The Iranian-Vote Carnival

5 minute read

With the nation’s attention fixed on cecil the lion and Donald the Loon, it was easy to miss an absolutely crucial speech that Barack Obama made about the Iran nuclear negotiation on Aug. 5, the day before the Republican debate in Cleveland. It was as clear and concise an argument for the deal as you will find–if you read one political speech this year, I recommend this one. But Obama hurt his cause with some needlessly partisan rhetoric on an issue that ultimately will need serious, nonbombastic attention from experts in both parties, whether or not the deal passes Congress. I understand the President’s ire. His opponents are talking ovens, holocausts, the eradication of Israel–as if Israel didn’t have the most formidable military deterrent in the region. Yes, it’s kind of lovely that both Republicans and Iran’s hard-liners oppose the settlement, but Obama should have looked past the passions of this moment. Yes, many of those against this deal were passionately in favor of the war in Iraq, but there are some very prominent Republican proponents of that war who quietly believe that this deal is worth pursuing under two conditions: If we can surround it with a tough and rigorous policy that addresses Iran’s aggression in the region. And if we can be very clear about the consequences to Iran if it cheats. But those Republican senior statesmen (and women) have been told by GOP leaders to withhold their (qualified) support until after Congress votes on the deal in September.

The Congressional vote on Iran this September has become your standard American political carnival–the foreign policy equivalent of the futile attempts to repeal Obamacare. For Republicans, it will be a referendum on Barack Obama. They will vote against it. For some Jewish Democrats, it will be a referendum on Benjamin Netanyahu and the not-so-subtle pressures being exerted by the American Israel Public Affairs Committee. They’ll also vote no. Indeed, a large majority in both houses will vote against the deal. Then the President will veto it. Then there will be another vote, on the President’s veto. I suspect that Obama will be able to cover the one-third needed to sustain his veto. The deal will go forward, but what then?

In the unlikely event that the deal is defeated by a veto-proof majority, Iran will have two choices: It can take the high road and say this deal was negotiated with the world and it will adhere to the agreement, thereby making America look globally inept and powerless, since every one of our negotiating partners–not just the Russians and Chinese, but the Europeans as well–will stick by the accord. Or the Supreme Leader can say, “See, you can’t trust the Great Satan. We’re going to build the bomb right now and protect ourselves.”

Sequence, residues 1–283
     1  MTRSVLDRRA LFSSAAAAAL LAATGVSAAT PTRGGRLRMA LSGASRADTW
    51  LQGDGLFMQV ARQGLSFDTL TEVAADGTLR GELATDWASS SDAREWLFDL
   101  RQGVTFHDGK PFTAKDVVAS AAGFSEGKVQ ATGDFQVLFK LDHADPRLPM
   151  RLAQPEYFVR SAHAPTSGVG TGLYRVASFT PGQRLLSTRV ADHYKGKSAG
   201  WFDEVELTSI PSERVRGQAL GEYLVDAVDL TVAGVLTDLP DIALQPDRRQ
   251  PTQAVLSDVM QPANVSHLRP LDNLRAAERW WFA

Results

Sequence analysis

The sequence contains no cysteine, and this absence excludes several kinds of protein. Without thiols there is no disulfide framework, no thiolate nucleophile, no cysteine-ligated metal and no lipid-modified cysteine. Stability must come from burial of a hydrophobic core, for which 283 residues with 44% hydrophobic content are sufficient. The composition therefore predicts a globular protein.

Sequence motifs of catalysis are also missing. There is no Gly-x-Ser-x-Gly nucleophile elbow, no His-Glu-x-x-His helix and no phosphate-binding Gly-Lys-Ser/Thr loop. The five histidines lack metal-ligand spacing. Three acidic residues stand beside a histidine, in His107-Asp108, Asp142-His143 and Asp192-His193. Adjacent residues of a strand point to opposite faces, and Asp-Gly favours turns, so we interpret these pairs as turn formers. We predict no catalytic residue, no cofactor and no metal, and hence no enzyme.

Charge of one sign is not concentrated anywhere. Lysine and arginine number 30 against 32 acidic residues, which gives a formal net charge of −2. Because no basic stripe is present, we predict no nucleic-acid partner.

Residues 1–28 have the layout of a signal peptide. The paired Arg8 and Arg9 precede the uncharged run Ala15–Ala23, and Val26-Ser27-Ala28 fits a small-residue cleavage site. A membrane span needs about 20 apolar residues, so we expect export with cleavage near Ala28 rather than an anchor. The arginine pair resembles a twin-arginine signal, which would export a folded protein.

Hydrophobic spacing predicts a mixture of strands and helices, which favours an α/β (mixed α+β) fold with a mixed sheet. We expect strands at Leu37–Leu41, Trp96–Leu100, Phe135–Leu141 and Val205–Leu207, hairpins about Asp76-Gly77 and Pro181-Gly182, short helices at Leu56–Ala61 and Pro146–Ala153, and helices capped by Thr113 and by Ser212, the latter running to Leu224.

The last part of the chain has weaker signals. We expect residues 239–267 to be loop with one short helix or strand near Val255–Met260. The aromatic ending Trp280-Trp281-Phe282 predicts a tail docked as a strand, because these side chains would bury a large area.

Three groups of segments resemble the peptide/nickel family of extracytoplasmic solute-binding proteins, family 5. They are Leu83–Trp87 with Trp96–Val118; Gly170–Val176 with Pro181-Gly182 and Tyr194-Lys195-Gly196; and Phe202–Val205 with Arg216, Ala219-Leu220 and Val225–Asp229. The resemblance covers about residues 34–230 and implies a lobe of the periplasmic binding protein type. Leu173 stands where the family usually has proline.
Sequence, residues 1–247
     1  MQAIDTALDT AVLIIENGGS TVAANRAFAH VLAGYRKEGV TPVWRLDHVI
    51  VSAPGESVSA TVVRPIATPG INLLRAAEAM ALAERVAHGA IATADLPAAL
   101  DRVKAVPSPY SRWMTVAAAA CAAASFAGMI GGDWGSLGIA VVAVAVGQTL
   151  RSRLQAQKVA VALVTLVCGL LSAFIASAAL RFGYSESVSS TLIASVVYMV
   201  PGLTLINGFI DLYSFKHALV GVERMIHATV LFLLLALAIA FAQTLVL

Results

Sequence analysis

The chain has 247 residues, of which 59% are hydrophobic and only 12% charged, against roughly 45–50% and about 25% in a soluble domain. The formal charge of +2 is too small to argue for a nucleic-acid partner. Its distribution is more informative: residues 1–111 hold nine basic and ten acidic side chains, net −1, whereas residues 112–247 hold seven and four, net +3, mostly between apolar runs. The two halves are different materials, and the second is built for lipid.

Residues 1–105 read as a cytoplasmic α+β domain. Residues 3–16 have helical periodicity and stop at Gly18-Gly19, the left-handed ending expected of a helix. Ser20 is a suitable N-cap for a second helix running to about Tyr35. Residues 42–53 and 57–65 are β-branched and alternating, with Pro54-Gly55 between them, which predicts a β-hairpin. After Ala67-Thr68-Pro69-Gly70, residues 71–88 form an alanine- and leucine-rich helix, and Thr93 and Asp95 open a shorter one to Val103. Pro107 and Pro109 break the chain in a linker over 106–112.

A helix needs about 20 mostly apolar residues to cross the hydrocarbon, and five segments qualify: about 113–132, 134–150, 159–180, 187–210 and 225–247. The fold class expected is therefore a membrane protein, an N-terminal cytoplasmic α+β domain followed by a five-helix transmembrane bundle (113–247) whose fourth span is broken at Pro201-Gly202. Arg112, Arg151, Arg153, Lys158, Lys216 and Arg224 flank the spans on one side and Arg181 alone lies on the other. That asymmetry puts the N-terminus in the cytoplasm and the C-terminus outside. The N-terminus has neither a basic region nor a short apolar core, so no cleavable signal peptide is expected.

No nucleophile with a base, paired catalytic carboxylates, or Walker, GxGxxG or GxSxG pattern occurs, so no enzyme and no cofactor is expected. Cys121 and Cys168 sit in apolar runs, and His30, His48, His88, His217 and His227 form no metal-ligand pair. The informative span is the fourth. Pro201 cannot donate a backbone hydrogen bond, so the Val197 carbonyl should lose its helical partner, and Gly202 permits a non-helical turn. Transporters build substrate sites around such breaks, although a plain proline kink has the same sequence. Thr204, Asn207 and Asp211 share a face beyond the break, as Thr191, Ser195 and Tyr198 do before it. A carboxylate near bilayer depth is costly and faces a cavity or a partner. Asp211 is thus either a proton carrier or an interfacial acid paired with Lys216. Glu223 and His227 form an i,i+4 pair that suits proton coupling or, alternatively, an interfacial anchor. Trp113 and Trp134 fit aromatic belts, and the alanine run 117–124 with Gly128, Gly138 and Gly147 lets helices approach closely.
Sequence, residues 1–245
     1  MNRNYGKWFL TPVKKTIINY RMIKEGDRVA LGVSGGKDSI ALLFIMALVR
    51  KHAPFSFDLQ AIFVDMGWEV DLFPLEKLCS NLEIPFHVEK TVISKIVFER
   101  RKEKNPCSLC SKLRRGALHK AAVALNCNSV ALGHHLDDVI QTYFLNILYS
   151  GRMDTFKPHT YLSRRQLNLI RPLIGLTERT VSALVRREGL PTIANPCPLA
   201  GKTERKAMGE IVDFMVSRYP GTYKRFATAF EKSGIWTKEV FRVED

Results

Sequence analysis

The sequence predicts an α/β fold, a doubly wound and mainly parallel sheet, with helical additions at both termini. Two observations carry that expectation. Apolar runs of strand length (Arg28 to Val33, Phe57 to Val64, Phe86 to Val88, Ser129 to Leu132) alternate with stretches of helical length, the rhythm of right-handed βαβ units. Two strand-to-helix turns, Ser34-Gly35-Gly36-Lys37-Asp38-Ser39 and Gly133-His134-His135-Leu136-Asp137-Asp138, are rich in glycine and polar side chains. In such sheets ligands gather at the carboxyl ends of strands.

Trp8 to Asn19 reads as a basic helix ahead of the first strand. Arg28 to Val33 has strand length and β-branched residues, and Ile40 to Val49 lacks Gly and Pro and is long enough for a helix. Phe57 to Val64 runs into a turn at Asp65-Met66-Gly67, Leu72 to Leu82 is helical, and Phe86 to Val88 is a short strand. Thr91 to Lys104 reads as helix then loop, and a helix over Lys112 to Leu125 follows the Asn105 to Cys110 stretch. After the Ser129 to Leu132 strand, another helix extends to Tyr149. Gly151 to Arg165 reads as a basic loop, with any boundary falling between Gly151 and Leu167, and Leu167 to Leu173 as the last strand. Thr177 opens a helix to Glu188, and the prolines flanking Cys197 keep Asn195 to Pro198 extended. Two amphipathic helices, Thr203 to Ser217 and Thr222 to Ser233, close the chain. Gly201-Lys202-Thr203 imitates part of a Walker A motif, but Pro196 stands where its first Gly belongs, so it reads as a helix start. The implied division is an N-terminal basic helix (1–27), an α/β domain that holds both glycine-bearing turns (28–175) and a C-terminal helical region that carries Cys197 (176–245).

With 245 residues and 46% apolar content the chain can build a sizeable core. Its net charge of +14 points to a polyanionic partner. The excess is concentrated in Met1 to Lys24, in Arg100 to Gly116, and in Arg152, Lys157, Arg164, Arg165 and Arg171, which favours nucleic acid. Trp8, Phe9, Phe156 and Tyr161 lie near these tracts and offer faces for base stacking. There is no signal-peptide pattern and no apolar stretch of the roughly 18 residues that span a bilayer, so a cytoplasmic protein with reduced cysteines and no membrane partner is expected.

This does not mean inevitable war–that was another Obama overreach in the speech. If we could contain and deter the Soviet Union for nearly 40 years, we can do the same with the relatively minuscule Iranian threat. There are those who say that unlike the Russians, the Iranian regime is led by irrational religious fanatics–but the only time in this century an Iranian leader ever publicly mentioned the need for an “Islamic” bomb occurred in December 2001, when Ayatullah Hashemi Rafsanjani said a bomb was needed for an entirely rational reason: to deter the Israeli nuclear threat. The Supreme Leader has since issued a fatwa condemning the use of nuclear weapons, but there are those who point to the Shi’ite tradition of taqqiya–telling lies for the greater good–as evidence he can’t be trusted. Only a fool would deny that’s a possibility.

But let’s talk about probabilities: Obama will beat Congress, and the deal will go forward. The Iranians will have to comply in every aspect with the new regime–dismantle most of its centrifuges, destroy or sell almost all its enriched uranium, destroy the core of its lone plutonium reactor, fully comply with the inspection rules. It will have to do all this by March of next year. It will not receive a penny in sanctions relief until it does.

The U.S. and Israel need to send a clear–and unified–signal that we will insist on full compliance from Iran, that we will not tolerate any fudging and that we will take action to block any Iranian aggression in the region. On Aug. 3, 70 former leaders of Israel’s defense and intelligence community issued a statement saying that, like it or not, the Iranian nuclear accord is a done deal and the job now is to put forth every effort to enforce it. It would be nice if some leading Republicans said the same as soon as the veto is upheld. This is too important for the same old partisan frolics. But harsh, partisan talk from the President won’t help us get there.

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